Hellblade: Senua’s Sacrifice is perhaps the most surprising game released this year, dealing most prominently with themes of mental health and set in a desolate hellscape based on both Celtic and Norse mythologies. Senua is a warrior suffering from psychosis, who bravely embarks on a spiritual journey in an attempt to come to terms with trauma and grief. Throughout her dark vision quest, it becomes difficult to determine what is real and what is a deceptive illusion. Developer Ninja Theory do their very best to create an accurate portrayal of mental illness and ultimately succeed, even in light of some repetitive mechanics.  

During the prologue, it becomes very apparent that Senua is not truly alone on her quest. She is accompanied by voices within her head that seek to simultaneously help and damage her. These voices are present throughout the entire game, overlapping and interrupting each other to create a confusing mental whirlwind. They weigh heavily on the tortured protagonist, indicating to the player that she battles them on a daily basis. Hellblade is best experienced with headphones in order to hear voices coming in from all directions. I spent the entire game entranced by the constant doubt, encouragement, and curiosity of Senua’s own inner demons, which motivated me to examine my surroundings in new ways.

In addition to struggling with her own demons, Senua faces a perilous journey through bleak landscapes that reflect an end-of-the-world hell. Like Senua’s story, the various environments are as beautiful as they are devastating. Bodies are piled high and shoved into the corner, burnt corpses hang from dead trees, and animal heads are impaled on pikes. It feels as if every inch of Senua’s linear journey is illustrated with care, making integral moments seem that much more meaningful. There are plenty of awe-inducing set pieces, but Senua’s arrival to the desolate shoreline is especially beautiful. Before entering into a beautiful man-made cavern, she weaves through a graveyard of massive viking ships accompanied only by the voices in her head.  In some way, the voices also serve as a replacement for a quest marker or waypoint. They encourage Senua to keep going down a certain path, turn back the other way, or go through a doorway. This is especially helpful since the camera is always set very close to Senua.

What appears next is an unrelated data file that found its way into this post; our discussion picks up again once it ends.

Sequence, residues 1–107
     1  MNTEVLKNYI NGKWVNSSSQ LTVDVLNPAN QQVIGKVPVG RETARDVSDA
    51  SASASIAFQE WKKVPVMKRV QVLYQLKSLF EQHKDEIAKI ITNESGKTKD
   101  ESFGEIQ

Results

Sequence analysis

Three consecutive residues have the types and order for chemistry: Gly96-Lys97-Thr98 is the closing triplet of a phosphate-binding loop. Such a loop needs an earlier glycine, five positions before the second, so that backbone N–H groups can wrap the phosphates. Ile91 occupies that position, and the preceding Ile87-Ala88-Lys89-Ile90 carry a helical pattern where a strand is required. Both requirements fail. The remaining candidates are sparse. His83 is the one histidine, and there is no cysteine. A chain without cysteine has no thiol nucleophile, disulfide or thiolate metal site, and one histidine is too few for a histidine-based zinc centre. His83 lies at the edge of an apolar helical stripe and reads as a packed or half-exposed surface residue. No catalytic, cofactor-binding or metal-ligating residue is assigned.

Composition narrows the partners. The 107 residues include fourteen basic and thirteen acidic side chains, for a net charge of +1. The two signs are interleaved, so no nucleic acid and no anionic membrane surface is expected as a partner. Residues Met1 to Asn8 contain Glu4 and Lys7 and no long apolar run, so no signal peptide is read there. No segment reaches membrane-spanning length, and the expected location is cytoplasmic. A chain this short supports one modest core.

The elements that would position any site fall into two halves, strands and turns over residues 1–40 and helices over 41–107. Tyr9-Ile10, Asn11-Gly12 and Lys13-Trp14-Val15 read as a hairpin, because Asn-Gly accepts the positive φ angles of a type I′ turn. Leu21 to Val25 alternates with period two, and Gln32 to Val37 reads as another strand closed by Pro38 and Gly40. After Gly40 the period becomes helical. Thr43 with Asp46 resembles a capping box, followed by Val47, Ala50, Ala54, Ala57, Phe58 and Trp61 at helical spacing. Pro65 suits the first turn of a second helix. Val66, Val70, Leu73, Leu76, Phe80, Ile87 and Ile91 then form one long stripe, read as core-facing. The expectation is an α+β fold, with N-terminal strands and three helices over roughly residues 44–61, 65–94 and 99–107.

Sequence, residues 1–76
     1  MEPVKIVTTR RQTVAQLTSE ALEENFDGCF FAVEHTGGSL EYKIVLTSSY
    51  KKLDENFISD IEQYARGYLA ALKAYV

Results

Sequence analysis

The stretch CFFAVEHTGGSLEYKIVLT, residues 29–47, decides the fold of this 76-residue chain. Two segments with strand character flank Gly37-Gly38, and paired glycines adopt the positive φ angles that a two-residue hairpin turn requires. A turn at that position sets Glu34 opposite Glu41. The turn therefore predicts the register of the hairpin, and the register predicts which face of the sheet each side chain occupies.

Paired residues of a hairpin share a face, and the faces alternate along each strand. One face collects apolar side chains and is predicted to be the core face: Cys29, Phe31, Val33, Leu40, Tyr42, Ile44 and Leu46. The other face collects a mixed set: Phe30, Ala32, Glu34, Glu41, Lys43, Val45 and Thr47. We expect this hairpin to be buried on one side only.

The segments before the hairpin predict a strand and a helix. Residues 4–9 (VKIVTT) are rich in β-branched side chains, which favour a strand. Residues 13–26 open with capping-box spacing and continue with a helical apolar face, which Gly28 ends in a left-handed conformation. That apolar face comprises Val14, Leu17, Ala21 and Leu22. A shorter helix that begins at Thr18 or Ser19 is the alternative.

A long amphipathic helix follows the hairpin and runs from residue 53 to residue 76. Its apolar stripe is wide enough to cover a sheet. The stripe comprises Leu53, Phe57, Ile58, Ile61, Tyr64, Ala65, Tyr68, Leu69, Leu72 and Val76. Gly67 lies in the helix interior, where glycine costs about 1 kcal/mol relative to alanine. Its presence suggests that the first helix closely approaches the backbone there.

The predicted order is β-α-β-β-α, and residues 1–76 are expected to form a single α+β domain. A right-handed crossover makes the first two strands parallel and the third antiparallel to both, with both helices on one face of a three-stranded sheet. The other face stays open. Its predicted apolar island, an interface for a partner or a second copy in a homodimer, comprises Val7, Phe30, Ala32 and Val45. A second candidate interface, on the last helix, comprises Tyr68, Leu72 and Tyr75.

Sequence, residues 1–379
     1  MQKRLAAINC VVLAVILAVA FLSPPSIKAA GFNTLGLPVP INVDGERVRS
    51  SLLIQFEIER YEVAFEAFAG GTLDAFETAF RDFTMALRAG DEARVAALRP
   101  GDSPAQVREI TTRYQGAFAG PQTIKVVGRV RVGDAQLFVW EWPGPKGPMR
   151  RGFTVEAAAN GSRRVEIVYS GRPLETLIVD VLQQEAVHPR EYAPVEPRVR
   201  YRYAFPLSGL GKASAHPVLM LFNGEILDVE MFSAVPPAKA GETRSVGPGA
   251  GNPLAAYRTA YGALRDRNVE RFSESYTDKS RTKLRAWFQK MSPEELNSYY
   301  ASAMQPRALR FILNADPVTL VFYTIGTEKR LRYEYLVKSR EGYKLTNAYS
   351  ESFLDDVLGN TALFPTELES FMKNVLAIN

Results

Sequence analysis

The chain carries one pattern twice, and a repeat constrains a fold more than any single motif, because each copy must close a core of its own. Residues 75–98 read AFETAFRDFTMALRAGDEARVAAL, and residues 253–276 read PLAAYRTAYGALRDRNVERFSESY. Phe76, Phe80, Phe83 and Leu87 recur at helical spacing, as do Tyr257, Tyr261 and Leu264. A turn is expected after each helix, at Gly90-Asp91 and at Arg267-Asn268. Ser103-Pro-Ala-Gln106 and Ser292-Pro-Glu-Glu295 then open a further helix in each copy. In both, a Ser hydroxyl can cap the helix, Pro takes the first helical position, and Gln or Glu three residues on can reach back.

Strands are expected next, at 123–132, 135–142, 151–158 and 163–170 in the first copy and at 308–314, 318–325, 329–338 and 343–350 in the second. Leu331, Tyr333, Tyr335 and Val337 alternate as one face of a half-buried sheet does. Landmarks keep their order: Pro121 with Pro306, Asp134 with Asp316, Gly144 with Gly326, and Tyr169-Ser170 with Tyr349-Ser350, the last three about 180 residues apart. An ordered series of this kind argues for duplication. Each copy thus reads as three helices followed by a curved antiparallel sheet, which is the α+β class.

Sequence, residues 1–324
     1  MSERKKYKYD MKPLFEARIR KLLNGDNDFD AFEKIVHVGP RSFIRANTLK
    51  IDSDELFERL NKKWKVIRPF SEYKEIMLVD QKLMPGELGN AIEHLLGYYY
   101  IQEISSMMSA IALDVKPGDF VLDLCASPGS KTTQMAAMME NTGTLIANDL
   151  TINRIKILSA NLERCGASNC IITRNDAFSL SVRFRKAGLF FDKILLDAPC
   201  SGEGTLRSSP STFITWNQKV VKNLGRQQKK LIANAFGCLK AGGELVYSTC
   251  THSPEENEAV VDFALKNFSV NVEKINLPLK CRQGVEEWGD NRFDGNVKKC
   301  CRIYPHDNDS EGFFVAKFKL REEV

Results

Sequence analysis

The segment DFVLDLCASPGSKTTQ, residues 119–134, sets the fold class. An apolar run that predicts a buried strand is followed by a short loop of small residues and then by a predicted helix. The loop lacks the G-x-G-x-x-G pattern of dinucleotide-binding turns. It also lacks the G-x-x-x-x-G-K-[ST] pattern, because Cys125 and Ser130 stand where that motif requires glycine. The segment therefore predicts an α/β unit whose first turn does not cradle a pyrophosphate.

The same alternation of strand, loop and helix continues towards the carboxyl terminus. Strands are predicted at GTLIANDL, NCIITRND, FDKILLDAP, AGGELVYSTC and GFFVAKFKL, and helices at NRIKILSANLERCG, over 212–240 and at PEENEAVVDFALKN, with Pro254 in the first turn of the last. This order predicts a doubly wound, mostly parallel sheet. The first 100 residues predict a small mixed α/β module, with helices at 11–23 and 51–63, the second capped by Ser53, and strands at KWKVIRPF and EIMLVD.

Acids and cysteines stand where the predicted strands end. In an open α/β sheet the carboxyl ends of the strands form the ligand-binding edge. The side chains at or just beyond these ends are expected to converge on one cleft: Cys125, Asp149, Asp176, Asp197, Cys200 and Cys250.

Though Hellblade does have numerous combat sequences, they only occur in specifically scripted areas. When traversing the world, the game focuses on one task at a time, which allows the player to take in every detailed environment without the distraction of dealing with enemies. In these designated combat areas, Senua encounters demon-like beings with elaborate headdresses called the Northmen, who wield swords and axes. Swordplay feels heavy and brutal, as Senua holds her own against these powerful beings despite her broken will and growing sickness. Each death causes the black rot on her arm to grow larger, slowly creeping up to her head which the game notes will eventually result in permanent death.